Looking for the title and author of this short story: A man is walking down the street when he comes to a young woman in a sort of fugue state taking off her clothes; a crowd is beginning to surround her. She sort of wakes up and is confused and dazed -- doesn't know how she came to be there or why she's undressing, etc. The man puts his coat around her, helps her, talks to her.

He is some sort of scientist - he's been tracking cultural trends and has observed patterns where odd or strange societal change comes right before major cataclysms. Silly, weird trends, fads, people doing unexplained things, etc, and then something awful. He's tracking something similar now, and links her behavior to his studies. They keep in touch, and one day he calls her and says NOW. The go together into the mountains (I think they start in CA and head east) and live for a while in a cabin, until one day he calls her out onto the porch and they watch the mushroom cloud in the distance.

I thought for a long time the story was called "The Silly Season," but that seems to be a different story entirely.

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    it's not a mushroom cloud at the end. It's a solar flare, or nova, or something not quite explained but having to do with the sun. Commented Aug 22, 2020 at 18:19
  • @RossPresser they do see a mushroom cloud during their escape from the city. Commented Aug 22, 2020 at 20:47

1 Answer 1


The Year of the Jackpot” by Robert A Heinlein.

Potiphar Breen is a middle-aged bachelor with a settled, orderly life, and a rather unusual hobby. We meet him first at breakfast in a Los Angeles diner, where he orders his usual meal, takes notes of various apparently unrelated items in several newspapers, and carefully counts out his payment, adding an exactly calculated tip. He then walks out to a bus stop, where a young lady is removing all her clothes.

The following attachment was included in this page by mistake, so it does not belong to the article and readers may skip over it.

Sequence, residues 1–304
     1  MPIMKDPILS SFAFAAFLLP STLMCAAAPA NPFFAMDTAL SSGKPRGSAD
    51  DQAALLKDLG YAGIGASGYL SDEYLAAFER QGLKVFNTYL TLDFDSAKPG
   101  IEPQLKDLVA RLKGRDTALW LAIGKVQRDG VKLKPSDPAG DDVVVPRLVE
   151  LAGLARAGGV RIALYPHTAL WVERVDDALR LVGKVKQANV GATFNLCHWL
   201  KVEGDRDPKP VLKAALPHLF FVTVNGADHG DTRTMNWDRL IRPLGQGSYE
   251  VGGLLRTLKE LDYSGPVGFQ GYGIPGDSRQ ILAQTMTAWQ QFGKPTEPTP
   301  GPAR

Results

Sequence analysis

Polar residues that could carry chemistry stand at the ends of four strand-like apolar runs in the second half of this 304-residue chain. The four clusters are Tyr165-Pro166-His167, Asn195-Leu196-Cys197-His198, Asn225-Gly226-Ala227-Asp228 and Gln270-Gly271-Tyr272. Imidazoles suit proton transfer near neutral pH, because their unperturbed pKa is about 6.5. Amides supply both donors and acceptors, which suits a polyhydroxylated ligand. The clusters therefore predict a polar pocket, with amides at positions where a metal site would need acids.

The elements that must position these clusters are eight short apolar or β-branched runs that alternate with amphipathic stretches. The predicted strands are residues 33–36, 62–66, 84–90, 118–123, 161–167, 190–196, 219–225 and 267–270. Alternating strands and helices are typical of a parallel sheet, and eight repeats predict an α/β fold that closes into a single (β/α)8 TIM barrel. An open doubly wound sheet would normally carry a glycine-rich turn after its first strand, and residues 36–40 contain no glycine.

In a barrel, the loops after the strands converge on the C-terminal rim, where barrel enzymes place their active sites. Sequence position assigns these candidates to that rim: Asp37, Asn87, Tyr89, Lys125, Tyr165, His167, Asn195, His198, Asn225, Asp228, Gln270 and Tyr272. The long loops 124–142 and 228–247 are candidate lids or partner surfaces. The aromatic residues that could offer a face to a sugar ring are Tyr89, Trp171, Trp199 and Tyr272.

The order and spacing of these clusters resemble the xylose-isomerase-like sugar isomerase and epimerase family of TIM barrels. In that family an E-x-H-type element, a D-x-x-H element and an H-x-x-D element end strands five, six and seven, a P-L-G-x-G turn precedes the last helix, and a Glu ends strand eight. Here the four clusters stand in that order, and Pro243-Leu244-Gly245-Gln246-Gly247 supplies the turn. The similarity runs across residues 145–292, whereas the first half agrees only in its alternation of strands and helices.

A pair of passing transvestites try to provoke a beat cop into arresting her, but the cop refrains for fear that the publicity will simply inspire more kooks to disrobe. Breen is unmoved. He waits for her to finish undressing, then wraps his coat around her just as the bus arrives. She promptly faints. He drives her to his house, lets her dress, and after explaining that he is not trying to take advantage of her, interviews her. She explains that she has no idea why she had the sudden urge to take her clothes off. He tells her why he was not surprised at what she did. Apparently women have been doing the same thing, all over the city, for some time. The news has been carefully hushed up, just as Breen himself called a friend at the newspaper and fed him a phony account of this incident.

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    And timely it is this year. Commented Aug 22, 2020 at 3:20
  • C.M. Kornbluth's "The Silly Season" is indeed a different story. No need to ask me how I know this: I read it several times years ago in the same search before finding what I sought, which is "The Year of the Jackpot". Commented Aug 22, 2020 at 14:32

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